April 8, 2015

The Way We Power Our Homes May Be On The Verge Of A Major Change

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April 7, 2015 | The Washington Post | Chris Mooney

At Inside Energy, we’ve been investigating this phenomenon for the past few months — our electrical infrastructure is challenged and is changing, and those changes will have significant effects on our lives. Chris Mooney of the Post has been providing excellent and thorough coverage of this ongoing transformation, and his latest story is the latest chapter. Mooney has explained why going completely off the grid might not be such a great idea, why smart meters haven’t changed America’s energy habits and how knowing your “energy personality” could radically change your energy habits, among other fascinating science and energy stories.

The most recent story on grid transformation reports on a new study by the Rocky Mountain Institute that details the critical juncture we are now facing with home electricity use. Distributed generation — specifically rooftop solar — has come down so far in price that it is now feasible and economically beneficial for homeowners in many parts of the country to produce their own power, and store it for electricity use when the sun isn’t shining. Quoting from the report,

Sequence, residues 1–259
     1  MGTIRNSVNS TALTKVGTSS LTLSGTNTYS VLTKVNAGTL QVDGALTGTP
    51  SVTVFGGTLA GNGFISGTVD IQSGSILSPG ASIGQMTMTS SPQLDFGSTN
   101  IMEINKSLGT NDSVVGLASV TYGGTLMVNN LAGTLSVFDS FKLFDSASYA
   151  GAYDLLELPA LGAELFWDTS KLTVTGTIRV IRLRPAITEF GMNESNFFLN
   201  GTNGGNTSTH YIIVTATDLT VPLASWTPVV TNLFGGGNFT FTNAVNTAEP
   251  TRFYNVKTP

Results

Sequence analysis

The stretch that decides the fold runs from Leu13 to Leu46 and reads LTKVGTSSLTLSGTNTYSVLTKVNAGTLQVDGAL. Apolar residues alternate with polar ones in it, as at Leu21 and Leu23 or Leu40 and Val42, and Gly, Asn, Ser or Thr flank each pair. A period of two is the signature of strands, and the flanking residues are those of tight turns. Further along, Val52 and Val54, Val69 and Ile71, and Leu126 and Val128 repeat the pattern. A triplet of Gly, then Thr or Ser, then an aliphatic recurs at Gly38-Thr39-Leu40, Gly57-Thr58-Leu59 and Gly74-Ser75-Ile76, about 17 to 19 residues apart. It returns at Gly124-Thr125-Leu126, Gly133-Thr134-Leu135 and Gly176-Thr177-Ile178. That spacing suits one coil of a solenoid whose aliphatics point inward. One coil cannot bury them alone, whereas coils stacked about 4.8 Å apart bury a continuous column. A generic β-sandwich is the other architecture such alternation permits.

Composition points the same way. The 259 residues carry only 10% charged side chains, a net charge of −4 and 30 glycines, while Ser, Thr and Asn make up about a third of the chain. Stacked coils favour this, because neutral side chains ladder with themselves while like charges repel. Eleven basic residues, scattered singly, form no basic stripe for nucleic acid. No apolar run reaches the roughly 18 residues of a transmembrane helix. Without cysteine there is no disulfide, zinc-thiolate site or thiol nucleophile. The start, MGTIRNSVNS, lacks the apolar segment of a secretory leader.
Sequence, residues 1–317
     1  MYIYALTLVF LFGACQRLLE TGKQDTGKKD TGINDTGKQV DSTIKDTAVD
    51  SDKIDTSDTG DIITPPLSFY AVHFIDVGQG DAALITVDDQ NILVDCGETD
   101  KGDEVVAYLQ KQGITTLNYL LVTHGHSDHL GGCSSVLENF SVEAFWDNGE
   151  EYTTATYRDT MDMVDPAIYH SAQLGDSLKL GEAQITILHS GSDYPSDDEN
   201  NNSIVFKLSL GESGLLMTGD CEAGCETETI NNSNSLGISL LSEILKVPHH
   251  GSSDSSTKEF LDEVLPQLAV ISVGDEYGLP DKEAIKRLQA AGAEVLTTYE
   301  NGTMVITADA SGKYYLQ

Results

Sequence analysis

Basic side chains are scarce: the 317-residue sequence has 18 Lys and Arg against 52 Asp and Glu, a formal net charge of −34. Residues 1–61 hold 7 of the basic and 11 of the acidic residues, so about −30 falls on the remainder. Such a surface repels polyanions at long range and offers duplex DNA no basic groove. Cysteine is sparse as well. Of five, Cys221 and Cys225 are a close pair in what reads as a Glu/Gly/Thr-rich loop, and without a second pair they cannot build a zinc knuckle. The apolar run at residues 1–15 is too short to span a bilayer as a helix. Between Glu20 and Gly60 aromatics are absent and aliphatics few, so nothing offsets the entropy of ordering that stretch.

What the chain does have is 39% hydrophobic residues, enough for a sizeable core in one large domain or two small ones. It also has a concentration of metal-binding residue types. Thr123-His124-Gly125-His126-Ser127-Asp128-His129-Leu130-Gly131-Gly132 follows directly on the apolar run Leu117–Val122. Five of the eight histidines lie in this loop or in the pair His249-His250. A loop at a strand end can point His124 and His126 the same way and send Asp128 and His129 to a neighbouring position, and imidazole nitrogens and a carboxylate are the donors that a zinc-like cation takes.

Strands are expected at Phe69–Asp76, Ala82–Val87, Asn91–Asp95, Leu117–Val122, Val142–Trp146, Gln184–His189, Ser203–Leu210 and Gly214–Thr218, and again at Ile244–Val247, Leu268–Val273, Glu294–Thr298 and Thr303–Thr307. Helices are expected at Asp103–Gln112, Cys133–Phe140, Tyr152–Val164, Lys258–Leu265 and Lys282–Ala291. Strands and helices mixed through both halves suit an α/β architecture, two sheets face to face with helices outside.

Grid-connected self-consuming solar will become economic for nearly all customers imminently, with grid-connected solar plus-battery systems following soon after.

The implication of this change is that buying power from a utility may no longer be necessary, which will profoundly challenge utilities’ traditional revenue model. This doesn’t necessarily mean there will be massive “grid defection.”  In fact, Mooney notes:

While most people will stay connected so that they’ll always have backup power, they’ll increasingly generate and store more and more of their own, and potentially sell it back to the grid (a key reason to remain connected).

The Rocky Mountain Institute argues that utilities need to become part of this revolution by developing an “integrated grid” model in which distributed sources of energy work in concert with utility-generated electricity to lower costs and lower carbon emissions. Utilities could help consumers finance and build their home electricity systems, perhaps modeling their efforts on cable companies who rent components of home entertainment to customers. Utilities could rent and maintain components of these new home electricity systems.

Stay tuned as Inside Energy explores this electrical grid transformation in coming weeks. You can help with our investigation by telling us about your experience with power outages in this short survey.